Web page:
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A photograph of a London Underground tube map made in a WW2 prisoner of war camp has emerged from a collection taken by a British inmate in the prison camp.
The album of 200 photos shows Allied prisoners of war being held at the Stalag XVIII-A prison in southern Austria, and showed how the prisoners kept themselves busy and entertained while imprisoned.
They were kept in the prisoner of war camp alongside other Russian, Polish and French fighters during World War Two, and had to make their own entertainment.
Among the activities were plays they put on, building their own sets and costumes, some in drag, and with an array of skills, some of the men imprisoned also set to building other items, such as this remarkable tube map.
It’s done from memory, obviously, but quite an achievement to make such a thing, for pleasure, in a prisoner of war camp.
The album of 200 photographs was compiled by British prisoner, 7517789 Private James Mulhern, of the Royal Army Medical Corps, and shows life inside the compound from 1941 onward.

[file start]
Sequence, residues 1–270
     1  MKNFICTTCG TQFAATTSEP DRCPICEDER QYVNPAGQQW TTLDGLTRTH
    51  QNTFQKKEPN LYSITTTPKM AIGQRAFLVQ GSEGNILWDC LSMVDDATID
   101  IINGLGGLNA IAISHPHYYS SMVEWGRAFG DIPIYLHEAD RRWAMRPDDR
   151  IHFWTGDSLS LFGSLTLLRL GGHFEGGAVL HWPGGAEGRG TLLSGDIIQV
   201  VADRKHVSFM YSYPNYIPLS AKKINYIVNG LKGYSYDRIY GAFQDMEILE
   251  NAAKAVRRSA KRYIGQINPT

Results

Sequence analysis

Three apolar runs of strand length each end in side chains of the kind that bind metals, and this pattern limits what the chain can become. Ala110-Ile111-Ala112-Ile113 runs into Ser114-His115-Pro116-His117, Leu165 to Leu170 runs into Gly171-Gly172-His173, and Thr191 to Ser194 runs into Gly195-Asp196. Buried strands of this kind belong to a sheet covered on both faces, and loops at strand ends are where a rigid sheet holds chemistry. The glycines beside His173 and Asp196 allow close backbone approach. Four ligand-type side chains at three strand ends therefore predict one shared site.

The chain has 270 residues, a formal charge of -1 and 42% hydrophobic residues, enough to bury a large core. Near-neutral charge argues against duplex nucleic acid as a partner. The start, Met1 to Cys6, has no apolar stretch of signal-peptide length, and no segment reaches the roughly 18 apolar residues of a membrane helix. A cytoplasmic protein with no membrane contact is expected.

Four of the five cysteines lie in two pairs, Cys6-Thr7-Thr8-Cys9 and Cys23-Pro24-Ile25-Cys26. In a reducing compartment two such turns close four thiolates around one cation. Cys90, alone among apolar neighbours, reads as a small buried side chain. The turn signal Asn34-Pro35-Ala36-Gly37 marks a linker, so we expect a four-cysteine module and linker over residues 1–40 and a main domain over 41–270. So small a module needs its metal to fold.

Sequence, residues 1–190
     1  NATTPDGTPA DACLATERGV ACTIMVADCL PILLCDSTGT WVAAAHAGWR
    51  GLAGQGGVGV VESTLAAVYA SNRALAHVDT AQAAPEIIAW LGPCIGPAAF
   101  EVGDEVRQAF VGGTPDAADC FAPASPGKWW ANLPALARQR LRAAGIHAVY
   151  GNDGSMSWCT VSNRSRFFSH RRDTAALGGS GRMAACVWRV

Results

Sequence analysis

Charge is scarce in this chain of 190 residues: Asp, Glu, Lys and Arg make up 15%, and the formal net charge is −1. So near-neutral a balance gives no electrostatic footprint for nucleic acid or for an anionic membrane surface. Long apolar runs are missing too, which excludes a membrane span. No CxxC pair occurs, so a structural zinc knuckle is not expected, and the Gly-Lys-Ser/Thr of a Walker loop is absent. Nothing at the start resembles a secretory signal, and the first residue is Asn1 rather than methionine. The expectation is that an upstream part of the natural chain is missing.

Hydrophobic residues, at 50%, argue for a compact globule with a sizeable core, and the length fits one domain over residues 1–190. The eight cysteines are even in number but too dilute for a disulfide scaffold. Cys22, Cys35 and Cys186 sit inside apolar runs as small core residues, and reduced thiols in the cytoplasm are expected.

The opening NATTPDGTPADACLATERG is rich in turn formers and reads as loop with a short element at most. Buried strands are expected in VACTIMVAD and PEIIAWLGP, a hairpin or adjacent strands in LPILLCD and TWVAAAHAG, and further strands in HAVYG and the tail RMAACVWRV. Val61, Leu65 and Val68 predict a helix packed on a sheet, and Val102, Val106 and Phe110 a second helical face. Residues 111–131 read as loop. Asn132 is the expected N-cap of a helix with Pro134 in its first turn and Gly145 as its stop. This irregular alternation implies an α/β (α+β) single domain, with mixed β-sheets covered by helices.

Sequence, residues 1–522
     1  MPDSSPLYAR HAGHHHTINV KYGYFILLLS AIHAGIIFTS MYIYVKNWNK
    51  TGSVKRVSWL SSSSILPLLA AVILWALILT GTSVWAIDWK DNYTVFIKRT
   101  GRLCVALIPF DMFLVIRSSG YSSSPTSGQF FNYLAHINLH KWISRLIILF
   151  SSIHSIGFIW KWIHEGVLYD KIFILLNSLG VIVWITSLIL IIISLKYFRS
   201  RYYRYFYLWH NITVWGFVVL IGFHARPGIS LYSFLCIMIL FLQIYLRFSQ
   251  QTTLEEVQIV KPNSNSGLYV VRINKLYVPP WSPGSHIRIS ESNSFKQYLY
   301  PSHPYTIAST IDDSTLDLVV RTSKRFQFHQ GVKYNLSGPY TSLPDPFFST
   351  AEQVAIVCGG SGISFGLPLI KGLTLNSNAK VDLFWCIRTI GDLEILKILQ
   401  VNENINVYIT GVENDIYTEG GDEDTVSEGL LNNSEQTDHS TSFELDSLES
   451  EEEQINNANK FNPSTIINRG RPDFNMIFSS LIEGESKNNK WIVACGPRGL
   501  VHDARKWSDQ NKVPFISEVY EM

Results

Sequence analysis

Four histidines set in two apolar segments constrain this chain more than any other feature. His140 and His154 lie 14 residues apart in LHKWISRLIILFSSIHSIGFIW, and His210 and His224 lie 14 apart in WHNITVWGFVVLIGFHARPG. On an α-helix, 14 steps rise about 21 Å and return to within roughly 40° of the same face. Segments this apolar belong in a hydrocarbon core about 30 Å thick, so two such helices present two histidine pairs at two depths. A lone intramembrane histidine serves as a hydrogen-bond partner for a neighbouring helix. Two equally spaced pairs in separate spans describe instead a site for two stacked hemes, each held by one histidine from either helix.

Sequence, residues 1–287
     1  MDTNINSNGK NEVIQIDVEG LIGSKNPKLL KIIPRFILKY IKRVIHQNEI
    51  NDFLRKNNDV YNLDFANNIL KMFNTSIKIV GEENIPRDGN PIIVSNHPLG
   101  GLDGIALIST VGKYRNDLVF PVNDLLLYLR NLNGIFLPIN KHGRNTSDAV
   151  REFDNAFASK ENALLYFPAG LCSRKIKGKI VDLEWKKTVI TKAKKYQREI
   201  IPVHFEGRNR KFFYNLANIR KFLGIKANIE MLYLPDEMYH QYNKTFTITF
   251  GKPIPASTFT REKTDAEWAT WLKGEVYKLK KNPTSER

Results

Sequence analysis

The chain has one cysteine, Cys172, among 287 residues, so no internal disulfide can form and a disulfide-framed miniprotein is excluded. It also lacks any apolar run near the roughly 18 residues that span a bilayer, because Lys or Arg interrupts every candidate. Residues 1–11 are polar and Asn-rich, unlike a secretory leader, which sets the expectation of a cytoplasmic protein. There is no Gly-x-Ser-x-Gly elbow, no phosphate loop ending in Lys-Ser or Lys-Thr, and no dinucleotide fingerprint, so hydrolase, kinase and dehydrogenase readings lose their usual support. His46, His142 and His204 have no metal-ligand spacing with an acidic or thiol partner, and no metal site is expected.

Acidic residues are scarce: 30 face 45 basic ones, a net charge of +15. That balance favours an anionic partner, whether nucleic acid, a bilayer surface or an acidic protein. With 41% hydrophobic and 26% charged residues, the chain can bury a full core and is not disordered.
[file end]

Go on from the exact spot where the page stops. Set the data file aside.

The album was put up for sale last month by Private Mulhern’s daughter with auctioneer Tennants of Leyburn, north Yorkshire. Estimated to sell for around £150, it actually sold for £280 at the auction.
After the war, the camp was run by the British occupation forces for the internment and interrogation of former Nazi officials and war criminals from Carinthia and Styria; several were extradited to Yugoslavia or the Nuremberg trials. Renamed “Camp 373”, it housed up to 7,000 inmates until its closure in 1948.
Photos kindly supplied by Tennants Auctioneers.
This article first appeared on www.ianvisits.co.uk
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